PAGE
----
Last, but certainly not least; enjoy yourself! Put on some sunscreen and fall in love with Toronto’s outdoors. Cheers, and be sure to have a pedal for me!

“Bike to the Bombers” Big Hit with Cyclists - John Diogenous

“Bike to the Bombers” Big Hit with Cyclists

While reading the paper today I found an exciting story about sports fans in Winnipeg. I wanted to share this news with Toronto because I am hopeful this is what the future of our sports fans looks like. While the Argonauts blasted the Bombers in a blowout victory, it was the Bombers’ fans who truly won the greatest victory before and after the game.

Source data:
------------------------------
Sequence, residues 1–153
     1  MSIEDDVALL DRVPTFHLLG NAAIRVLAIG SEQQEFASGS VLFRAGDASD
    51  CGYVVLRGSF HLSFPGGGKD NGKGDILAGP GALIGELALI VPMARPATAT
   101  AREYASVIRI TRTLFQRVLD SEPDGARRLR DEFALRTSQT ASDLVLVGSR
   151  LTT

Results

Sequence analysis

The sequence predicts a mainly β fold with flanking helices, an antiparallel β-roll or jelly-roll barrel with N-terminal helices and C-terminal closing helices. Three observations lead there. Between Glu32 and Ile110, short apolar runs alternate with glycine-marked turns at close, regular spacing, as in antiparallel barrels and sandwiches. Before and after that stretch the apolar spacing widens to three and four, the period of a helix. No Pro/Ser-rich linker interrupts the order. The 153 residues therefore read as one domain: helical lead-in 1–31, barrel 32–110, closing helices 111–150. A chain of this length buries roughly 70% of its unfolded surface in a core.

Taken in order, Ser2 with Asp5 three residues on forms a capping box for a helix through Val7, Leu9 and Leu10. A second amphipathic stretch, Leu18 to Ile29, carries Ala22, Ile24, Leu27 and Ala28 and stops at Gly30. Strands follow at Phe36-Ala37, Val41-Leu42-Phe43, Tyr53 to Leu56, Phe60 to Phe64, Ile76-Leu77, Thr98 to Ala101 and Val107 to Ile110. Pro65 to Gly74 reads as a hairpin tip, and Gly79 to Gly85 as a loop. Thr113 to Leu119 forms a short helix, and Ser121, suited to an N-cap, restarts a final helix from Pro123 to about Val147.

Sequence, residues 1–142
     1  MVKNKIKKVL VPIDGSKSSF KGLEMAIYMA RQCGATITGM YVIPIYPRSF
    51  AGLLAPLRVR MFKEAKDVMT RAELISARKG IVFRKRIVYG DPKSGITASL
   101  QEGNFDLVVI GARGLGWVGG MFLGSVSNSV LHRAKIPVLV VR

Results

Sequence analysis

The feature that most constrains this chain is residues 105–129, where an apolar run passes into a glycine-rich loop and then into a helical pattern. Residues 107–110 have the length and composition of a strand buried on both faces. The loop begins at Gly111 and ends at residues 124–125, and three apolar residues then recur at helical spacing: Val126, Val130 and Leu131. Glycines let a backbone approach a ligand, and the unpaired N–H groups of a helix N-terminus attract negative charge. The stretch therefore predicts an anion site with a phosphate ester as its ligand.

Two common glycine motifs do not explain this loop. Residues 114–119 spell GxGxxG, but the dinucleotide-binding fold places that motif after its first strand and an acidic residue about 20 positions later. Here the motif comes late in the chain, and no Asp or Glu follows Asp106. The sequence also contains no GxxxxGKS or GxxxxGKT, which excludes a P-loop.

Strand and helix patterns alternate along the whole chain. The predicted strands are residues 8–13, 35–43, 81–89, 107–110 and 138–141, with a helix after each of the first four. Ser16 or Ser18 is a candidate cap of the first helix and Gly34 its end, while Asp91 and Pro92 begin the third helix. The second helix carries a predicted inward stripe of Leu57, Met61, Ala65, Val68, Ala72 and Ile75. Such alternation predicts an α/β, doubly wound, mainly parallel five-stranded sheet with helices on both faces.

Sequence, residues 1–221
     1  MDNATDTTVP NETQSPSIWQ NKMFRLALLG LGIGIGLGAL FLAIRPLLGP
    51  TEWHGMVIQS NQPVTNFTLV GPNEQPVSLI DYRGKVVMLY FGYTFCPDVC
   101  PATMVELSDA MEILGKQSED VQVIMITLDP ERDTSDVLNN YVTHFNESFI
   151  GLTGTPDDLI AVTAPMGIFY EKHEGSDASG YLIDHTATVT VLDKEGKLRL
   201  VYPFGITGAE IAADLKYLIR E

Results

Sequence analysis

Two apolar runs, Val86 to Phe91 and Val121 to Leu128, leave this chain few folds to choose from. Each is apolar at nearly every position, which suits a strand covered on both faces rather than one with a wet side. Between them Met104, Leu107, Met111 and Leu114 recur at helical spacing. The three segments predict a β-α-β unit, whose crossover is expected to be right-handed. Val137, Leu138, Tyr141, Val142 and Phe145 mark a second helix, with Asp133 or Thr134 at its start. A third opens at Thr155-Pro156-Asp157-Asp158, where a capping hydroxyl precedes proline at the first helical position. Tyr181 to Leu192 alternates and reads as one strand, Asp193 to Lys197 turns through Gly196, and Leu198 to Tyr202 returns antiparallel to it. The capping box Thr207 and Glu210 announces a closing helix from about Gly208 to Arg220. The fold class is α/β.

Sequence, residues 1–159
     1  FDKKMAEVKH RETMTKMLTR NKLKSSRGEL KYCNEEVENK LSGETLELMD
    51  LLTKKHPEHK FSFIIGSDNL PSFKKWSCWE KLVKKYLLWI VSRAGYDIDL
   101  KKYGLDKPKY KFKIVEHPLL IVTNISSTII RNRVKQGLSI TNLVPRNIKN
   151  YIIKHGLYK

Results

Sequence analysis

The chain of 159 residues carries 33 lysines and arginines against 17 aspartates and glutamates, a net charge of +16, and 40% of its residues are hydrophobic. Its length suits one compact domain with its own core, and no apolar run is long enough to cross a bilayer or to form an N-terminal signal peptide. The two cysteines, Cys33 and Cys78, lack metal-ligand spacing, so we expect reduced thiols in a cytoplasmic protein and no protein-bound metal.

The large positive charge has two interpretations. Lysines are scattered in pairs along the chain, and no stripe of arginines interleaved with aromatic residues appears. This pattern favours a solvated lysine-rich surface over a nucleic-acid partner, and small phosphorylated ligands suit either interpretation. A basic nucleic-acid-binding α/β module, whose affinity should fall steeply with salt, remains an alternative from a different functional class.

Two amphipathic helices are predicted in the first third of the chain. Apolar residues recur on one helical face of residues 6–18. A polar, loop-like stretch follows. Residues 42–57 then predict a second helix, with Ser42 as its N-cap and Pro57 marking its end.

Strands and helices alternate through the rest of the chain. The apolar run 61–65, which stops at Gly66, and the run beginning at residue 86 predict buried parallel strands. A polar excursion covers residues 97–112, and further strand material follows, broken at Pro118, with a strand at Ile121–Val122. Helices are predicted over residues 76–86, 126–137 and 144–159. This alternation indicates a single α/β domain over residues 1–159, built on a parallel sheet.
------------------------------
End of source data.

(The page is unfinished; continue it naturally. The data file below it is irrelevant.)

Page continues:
One June 12, the new Investors Group Field was absolutely flooded with….bicycles? That’s right; over 1,200 fans rode their bicycles to the Bombers’ home opener against the Toronto Argonauts. A Winnipeg cycling enthusiast, Anders Swanson, was more than pleasantly surprised to count 1,222 bicycles chained up to anything that could hold a bike lock. As the cyclists poured into the stadium the positive impact of this cycling phenomenon quickly became apparent.

The Bomber’s fan-friendly new stadium offers visitors a complimentary bike valet to encourage fans to leave their cars at home. This idea took off in response to the terrible traffic jams that occurred before and after games. The Bombers had been battling with fan complaints and struggled with a resolution. However, even the Blue Bombers spokesperson, Darren Cameron, could not believe the sea of bikes pouring into the stadium on June 12. Cameron admitted that the old stadium used to only see about 60-70 cyclists. He was thrilled to see people taking advantage of the bike valet service and truly enjoying the outdoors prior to an incredible game.